18 Sari J Himanen: Bt oilseed rape and climate change substantial equivalence and familiarity as proposed by OECD (1993) and later by WHO/FAO (2000), for the assessment of food and environmental safety of GMOs. This was the basis for regulation of the first GM foods in the United States. Since there is a history of growing non-gm agricultural plants "safely", they form the baseline on which to compare novel GM crop plants (EFSA 2004). However, it has to be recognised that gene insertion will not produce identical plants to the non-gm parents, yet both plant types can be safe. Therefore, the safety assessment includes an initial comparative analysis of GM and non-gm lines to identify possible differences, which is followed by a further assessment of the environmental and food safety effects of the identified intended and unintended differences (EFSA 2004). In the EU, prior to submitting a GMObased plant application, the applicant has to conduct extensive laboratory work and multi-year field studies to demonstrate that the new trait does not cause unintentional harm to humans, animals or the environment. Specifically, this will include a characterisation of the recipient and the parental plants, the genetic modification process, a detailed description of the GM plant partly in comparison to its non-gm counterpart, as well as tests on food safety aspects (including composition, toxicity, allergenicity and nutritional value) (EFSA 2004). After an environmental risk assessment report is made, the need for an environmental or a post-market monitoring plan is determined (EFSA 2004). In future, untargeted profiling techniques may also complement the existing protocols to recognize any possible unintended effects (Kuiper et al. 2003). The environmental fitness of GM plants is important with respect to possible risks for the receiving biotic and abiotic environment. Potential changes in interactions of GM plants with the biotic environment are assessed for persistence and invasiveness, selective advantage or disadvantage, potential for gene transfer, interactions between the GM plant and target or nontarget organisms (e.g. insects), effects on human and animal health and biogeochemical processes, and for specific cultivation, management and harvesting techniques (EFSA 2004). Potential interactions with the abiotic environment are assessed, including alteration of climatic conditions or mineralisation and sensitivity to, or tolerance of climatic conditions. An example of this is the assessment of the lignin content of transgenic plants, which might lead to reduced decomposition of the plant material (Flores et al. 2005, Stotzky 2005). Persistance in the soil (i.e root exudated Bt toxins) is also an important consideration with respect to soil quality (Saxena et al. 1999, 2004, reviewed by Icoz & Stotzky 2008) and soil microbial community structure (Griffiths et al. 2007). Impacts on population dynamics of competitors, herbivores, symbionts, predators, pollinators, parasites and pathogens are considered in the environmental risk assessment (EFSA 2004, Romeis et al. 2008). The occurrence 18 Kuopio Univ. Publ. C. Nat. and Environ. Sci. 248: (2008)

19 General introduction of a hazard and of exposure is combined to assess the general magnitude of the possible environmental risk. In the assessment, possible food chain effects, e.g. effects of prey reduction on parasitoid abundance, have to be distinguished from direct effects of the modification, e.g. toxin accumulation in the food chain. Furthermore, a crop ecosystem is not the same as a natural ecosystem, which is why effects of GM crop plants are compared to effects caused by comparable non-gm agricultural practices in current use (such as pesticide usage) (EFSA 2004). One major environmental issue concerning GM plants is the possibility of transgene flow via interspecific hybridization and backcrossing into natural plants (crop-towild) such as weeds. This could potentially enhance the fitness of the weeds and lead to the fixing of the transgene in nature (Ellstrand & Hoffmann 1990, reviewed by e.g. Chamberlain & Stewart 1999, Stewart et al. 2003, Chandler & Dunwell 2008). Crop-to-crop (interpecific hybridisation) gene flow could also lead to mixing of non-gm and GM material. Hybridization frequency and the possibility of transgene flow are affected by the preferences of the plant species for self-pollination or crossing, pollen dispersal methods and seed dispersal, the spatial and temporal suitability for the hybridisation to occur, and the vigour of the resulting hybrids (Stewart et al. 2003). Cruciferous plants have many wild relative species, which occur as common weeds in agricultural areas and are able to hybridize with Brassica crop plants (Wilkinson et al. 2003a, Warwick et al. 2003). If the transgene hybridizing or eventually even introgressing into a weed species has ecologically important characteristics (fitness enhancing properties such as insect resistance), the potential environmental impacts are predicted to be most problematic (Vacher et al. 2004, Sutherland & Poppy 2005, Poppy & Wilkinson 2005). However, no study so far can thoroughly predict the potential severity of an insect-resistant Bt plant of wild species origin in nature, including the actual probability of this transgene becoming fixed in weed populations by selection, or the potential for decreased genetic diversity as a result of this kind of introgression (Stewart 2004, Sutherland & Poppy 2005). After the acceptance and release of a GM variety case-specific monitoring and general surveillance procedures are typically used (EFSA 2004). Case specific monitoring practices are dependant on the ecological risk assessment of the variety approved. General surveillance is not experimental or hypothesis driven but is targeted at developing the current practice and identifying possible unanticipated adverse effects. This is done, for example, by routine observations and operator questionnaires. In spite of this relatively large scientific effort to ensure the safest possible use of GM crops, especially compared to that used for studying traditionally bred varieties with novel traits (Kok et al. 2008), there still seems to be worries about Kuopio Univ. Publ. C. Nat. and Environ. Sci. 248: (2008) 19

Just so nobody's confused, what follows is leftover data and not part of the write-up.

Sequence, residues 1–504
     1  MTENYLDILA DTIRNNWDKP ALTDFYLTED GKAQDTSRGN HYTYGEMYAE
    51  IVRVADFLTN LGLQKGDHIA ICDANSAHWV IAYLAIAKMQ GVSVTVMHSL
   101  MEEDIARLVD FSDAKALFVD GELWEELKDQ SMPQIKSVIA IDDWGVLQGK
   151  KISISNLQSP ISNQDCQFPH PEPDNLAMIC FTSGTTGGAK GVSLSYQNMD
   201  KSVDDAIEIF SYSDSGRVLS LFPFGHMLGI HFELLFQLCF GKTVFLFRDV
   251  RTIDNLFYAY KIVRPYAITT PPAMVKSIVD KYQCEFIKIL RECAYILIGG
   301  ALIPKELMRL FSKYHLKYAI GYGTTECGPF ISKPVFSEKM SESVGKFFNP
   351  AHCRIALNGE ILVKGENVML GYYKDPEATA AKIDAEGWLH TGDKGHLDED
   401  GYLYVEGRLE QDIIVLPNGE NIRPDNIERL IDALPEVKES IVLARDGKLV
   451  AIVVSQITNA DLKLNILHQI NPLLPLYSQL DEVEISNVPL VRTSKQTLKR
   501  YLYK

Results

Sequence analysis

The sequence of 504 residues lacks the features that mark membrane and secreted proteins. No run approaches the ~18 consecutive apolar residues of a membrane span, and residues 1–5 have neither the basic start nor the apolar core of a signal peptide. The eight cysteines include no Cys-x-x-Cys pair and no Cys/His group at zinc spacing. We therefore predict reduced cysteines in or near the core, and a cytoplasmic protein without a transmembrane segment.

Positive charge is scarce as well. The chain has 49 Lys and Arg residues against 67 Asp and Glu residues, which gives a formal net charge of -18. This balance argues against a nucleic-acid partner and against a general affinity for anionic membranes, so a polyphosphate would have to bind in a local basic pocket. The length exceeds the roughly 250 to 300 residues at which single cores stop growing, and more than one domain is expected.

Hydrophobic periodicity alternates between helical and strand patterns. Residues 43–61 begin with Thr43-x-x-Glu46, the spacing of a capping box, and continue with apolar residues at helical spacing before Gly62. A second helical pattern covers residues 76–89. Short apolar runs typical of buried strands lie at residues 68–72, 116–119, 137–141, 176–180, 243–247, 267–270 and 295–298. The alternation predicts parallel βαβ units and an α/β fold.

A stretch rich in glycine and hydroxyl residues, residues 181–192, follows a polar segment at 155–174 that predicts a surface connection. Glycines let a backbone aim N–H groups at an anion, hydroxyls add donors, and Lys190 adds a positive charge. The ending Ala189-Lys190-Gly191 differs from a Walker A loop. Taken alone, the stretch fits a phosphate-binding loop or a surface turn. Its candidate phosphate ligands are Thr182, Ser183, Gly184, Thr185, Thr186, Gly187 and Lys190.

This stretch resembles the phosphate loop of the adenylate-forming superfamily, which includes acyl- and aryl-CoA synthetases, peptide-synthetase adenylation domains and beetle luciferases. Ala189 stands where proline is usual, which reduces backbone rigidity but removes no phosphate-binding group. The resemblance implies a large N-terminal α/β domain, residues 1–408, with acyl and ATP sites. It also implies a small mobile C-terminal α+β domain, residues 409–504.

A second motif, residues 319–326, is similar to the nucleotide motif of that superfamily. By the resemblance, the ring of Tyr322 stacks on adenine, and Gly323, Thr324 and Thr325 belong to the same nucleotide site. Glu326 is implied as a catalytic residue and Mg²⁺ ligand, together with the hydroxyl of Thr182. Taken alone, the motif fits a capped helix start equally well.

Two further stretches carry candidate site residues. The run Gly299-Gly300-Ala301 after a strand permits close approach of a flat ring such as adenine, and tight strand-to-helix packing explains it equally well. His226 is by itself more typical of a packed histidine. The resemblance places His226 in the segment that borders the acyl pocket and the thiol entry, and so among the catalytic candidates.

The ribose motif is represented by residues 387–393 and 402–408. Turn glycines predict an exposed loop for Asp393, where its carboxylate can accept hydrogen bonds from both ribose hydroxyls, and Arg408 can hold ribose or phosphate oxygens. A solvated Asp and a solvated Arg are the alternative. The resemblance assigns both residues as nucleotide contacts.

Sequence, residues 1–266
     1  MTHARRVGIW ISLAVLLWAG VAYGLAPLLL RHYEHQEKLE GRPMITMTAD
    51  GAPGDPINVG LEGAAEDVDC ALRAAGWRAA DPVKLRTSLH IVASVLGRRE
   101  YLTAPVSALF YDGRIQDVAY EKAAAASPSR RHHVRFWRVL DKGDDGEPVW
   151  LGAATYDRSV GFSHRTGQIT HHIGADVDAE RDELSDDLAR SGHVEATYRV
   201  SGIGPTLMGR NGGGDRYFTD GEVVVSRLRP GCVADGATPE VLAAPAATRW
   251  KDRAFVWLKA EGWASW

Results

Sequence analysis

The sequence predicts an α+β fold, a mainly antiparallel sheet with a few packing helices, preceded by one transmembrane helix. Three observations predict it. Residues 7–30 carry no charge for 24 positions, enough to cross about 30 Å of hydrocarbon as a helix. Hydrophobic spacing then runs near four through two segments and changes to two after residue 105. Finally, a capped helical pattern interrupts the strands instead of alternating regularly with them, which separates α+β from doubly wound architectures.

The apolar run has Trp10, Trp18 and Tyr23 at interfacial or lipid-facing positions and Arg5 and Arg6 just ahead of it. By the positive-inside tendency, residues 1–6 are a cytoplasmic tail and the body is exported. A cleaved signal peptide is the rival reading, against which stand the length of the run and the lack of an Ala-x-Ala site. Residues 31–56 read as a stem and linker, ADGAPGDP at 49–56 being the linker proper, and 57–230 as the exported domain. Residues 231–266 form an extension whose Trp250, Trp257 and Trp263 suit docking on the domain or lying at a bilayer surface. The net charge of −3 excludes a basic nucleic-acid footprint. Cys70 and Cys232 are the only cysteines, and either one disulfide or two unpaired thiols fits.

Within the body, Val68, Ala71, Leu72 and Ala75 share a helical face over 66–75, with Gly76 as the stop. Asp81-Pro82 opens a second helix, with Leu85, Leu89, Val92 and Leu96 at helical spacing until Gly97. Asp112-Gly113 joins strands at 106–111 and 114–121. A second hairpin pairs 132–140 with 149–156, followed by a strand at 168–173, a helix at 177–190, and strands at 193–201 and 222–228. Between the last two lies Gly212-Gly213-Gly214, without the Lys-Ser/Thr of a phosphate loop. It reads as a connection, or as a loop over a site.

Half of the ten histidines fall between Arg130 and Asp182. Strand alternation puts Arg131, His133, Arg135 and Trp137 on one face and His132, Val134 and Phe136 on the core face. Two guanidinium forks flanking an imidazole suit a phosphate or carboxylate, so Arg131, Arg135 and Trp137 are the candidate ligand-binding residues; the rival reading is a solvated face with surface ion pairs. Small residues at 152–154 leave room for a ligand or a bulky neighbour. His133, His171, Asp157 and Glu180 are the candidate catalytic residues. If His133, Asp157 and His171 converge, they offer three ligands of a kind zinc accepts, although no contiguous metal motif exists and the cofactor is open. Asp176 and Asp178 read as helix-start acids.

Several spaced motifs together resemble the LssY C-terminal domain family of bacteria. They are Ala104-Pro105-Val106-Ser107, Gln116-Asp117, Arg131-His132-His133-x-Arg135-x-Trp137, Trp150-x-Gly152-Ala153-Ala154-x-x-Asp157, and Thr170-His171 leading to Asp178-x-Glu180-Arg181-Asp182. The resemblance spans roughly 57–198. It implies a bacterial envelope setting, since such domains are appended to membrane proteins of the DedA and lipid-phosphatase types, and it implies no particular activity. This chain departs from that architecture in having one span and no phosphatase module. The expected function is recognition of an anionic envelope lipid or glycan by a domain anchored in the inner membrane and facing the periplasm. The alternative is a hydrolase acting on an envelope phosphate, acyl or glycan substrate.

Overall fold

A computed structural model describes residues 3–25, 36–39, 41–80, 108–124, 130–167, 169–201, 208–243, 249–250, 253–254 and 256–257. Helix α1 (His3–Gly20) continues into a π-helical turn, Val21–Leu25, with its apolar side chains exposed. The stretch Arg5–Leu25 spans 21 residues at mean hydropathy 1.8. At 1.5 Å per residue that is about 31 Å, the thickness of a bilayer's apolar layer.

20 Sari J Himanen: Bt oilseed rape and climate change the most efficient methodology for assessing GM crop safety. This is especially so with regard to possible pleiotropic effects, long-term nontarget effects of GM plants on different organisms of ecosystems, as well as the traceability, labelling and coexistence regulations between conventional, organic and GM crops. It is not easy to balance between comprehensive enough but not unreasonably wide environmental risk assessments that should be used for transgenic crop cultivars. The use of ecological assessment to cover whole complex ecosystem effects might not assist decision makers as well as specific hypothesis-based testings (Raybould 2007). A compromising practice has been to use a tiered case-by-case assessment, which is very timely but thorough (Wilkinson et al. 2003b). 1.2 Climate change and crop plants Current climate change and predictions for the future The current stage of climate change is that there are continuous rises in mean global atmospheric CO 2 level and mean global yearly air temperature, with the magnitude of these increases in the future highly dependent on controlling anthropogenic greenhouse gas emissions (IPCC 2007). The current atmospheric CO 2 level of ca. 380 ppm is the highest in nature for the last years. With current emissions, a doubling of this level is likely by the year The main reasons for CO 2 rises in the atmosphere are fossil fuel use and land-use changes (deforestation, decay of biomass, peat) (IPCC 2007). Together with the rising atmospheric CO 2 levels, the mean global temperature is predicted to increase by ca. 0.2 C per decade for the next two decades (IPCC 2007). Beyond this period the trend will depend on emission scenarios, with mean temperatures predicted to increase by C by the end of this century. In addition, changes on a regional-scale include wind pattern alterations, contraction of snow covered areas, increases in the frequency of hot extremes, heavy precipitation and tropical cyclone intensity (IPCC 2007). Biodiversity is likely to be affected, partly irreversibly. Sea level rise and melting of glaciers, ice caps and polar ice sheets are closely connected with temperature increases. Warming also results in lower uptake of CO 2 by the oceans, which increases CO 2 levels remaining in the atmosphere causing a feedback effect (IPCC 2007). Tropospheric background ozone (O 3 ) levels have significantly increased in recent decades due to anthropogenic pollution, i.e. fossil fuel use and biomass burning, even though extreme peak episodes have been generally reduced (IPCC 2007). O 3 is formed by phytochemical reactions involving nitrogen oxides (NO x ), carbon monoxide and volatile organic compounds (VOCs) in the atmosphere. Diurnal background levels of tropospheric O 3 above 40 ppb are already encountered in many parts of the world with a growing incidence of daily 20 Kuopio Univ. Publ. C. Nat. and Environ. Sci. 248: (2008)